URBAN FARMER: Turning Empty Lot Into Garden

This is an archived article and the information in the article may be outdated. Please look at the time stamp on the story to see when it was last updated.

Where most of us saw an empty lot, one man saw an opportunity.

“They said ‘You can just use this land because we don’t use it right now,’” said Ibrahim Ali.

The Beaverdale lot had been purchased by the Calvin Community Retirement Center for future expansion, but for now…

“We thought this was a good use of a vacant lot," said Calvin's Jamie Cox, "better than keeping it as a vacant lot.”

It’s become a fine vegetable garden, no doubt.

“You see this is a hot pepper!" Ali shouts. "Super hot!”

But to Ali, it’s more than that.

“If you have any problems with your bones or something like that, this will help.”

It’s another step in his American dream.  Create a product, then sell it …

“Some green peppers!”

Profits go first to repay loans he’s received from area churches, what’s left becomes income for his family of ten.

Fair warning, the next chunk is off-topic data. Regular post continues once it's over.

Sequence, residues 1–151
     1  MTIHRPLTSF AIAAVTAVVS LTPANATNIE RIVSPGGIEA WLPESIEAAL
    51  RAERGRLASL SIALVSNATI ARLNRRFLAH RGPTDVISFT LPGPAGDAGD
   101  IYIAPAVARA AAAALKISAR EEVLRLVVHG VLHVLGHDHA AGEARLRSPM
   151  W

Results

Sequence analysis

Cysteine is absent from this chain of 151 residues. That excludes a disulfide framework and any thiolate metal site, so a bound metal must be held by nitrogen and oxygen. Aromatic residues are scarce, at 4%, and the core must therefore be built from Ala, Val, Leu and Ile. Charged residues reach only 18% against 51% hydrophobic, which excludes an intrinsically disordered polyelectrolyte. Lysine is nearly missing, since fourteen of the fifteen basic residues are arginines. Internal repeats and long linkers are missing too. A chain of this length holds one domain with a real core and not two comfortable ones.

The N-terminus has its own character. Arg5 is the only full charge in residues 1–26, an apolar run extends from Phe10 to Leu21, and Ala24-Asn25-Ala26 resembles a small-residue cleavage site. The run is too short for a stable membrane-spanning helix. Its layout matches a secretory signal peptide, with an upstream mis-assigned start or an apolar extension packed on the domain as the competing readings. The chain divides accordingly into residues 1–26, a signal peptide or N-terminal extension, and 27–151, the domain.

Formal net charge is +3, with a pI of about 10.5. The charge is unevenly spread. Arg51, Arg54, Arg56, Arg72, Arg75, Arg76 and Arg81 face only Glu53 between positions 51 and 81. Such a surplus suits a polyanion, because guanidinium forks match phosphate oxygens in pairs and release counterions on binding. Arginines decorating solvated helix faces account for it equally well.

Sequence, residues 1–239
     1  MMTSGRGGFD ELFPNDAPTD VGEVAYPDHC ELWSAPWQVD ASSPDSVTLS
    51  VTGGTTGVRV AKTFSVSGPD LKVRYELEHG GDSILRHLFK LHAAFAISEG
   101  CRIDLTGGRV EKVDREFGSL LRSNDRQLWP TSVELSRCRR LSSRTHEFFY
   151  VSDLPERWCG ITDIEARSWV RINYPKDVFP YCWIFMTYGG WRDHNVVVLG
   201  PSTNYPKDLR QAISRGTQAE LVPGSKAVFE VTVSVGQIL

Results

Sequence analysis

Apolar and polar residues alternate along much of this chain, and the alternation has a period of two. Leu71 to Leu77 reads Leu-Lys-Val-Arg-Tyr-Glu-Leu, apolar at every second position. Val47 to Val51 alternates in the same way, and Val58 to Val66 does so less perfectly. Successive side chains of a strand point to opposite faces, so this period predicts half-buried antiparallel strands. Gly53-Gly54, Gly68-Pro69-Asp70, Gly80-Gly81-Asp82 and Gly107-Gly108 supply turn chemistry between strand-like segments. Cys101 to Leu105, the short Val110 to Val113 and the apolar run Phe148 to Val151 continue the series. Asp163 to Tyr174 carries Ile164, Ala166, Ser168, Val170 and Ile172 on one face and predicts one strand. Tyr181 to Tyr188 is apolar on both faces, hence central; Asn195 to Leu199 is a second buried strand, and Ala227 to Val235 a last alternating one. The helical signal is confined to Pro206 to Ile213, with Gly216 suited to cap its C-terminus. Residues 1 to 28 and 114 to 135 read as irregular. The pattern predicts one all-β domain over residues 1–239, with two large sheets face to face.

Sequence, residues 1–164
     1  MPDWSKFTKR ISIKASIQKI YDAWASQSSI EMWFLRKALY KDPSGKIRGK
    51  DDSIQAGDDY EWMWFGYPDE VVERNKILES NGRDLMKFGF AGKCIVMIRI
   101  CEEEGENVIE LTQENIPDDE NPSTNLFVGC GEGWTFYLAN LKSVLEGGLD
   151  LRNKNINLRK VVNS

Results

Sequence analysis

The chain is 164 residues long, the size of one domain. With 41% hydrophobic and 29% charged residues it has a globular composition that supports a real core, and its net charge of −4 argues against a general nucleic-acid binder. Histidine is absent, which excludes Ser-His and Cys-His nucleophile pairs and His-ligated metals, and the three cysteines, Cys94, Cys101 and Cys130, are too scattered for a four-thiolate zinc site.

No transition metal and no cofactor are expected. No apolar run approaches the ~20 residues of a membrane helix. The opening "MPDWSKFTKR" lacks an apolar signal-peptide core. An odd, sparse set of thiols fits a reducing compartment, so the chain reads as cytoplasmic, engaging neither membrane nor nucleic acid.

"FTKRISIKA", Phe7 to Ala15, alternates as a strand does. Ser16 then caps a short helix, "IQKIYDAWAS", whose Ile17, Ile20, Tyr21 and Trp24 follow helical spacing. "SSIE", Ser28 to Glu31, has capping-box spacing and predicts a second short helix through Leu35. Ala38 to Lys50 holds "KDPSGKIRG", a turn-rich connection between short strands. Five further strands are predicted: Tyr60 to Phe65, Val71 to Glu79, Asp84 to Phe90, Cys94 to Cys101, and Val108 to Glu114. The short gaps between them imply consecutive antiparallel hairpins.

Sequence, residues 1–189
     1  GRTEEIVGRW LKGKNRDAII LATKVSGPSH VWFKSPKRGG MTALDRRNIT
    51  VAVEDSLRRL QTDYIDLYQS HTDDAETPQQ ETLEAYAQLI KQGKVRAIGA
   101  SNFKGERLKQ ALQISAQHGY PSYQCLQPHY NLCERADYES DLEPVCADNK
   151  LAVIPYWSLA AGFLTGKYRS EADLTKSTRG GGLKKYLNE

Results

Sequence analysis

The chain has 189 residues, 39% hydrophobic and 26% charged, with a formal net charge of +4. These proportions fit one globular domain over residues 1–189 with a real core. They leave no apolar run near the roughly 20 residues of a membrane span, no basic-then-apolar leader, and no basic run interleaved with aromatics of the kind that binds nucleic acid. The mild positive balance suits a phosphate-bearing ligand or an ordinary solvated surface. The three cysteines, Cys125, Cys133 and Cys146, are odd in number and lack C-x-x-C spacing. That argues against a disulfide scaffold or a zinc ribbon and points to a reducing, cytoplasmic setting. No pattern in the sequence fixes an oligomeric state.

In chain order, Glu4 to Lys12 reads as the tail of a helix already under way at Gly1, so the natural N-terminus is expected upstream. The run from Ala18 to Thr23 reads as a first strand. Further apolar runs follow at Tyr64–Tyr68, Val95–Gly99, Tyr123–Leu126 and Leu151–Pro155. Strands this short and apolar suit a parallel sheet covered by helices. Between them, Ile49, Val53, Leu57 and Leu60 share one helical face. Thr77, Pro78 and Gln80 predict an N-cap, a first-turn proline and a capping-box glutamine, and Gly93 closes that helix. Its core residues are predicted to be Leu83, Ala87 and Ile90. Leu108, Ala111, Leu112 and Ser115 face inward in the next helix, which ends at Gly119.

It’s been eight years since Ali fled war-torn Sudan for Egypt, where he spoke with a man at the American consulate.

“I said ‘I have eight kids.’ He said ‘Oh, that is a bunch of kids!" Ali smiled. "He said ‘If you need my advice, go to Iowa.’”

Since arriving, Ali hasn’t left the state. Venturing only to Fort Dodge, Pella and Marshalltown to visit relatives and friends.  He bought a car in Albia.

“I like Iowa too much!" he laughed.

The feeling seems mutual.

The work is hard, but his doctor says ‘keep it up!’

“All the summer time, my weight goes down, and my blood pressure goes down, and everything is working good on my body.”

Ali hopes to find more lots to use in the future.  He’ll have a reference from the Calvin Community…

“It’s nice to walk by and see all the healthy plants and produce,” Cox says.

And to see what was once an overlooked space become so much more…

“Here is okra!”

It’s opportunity.  It’s healthy.  It’s America.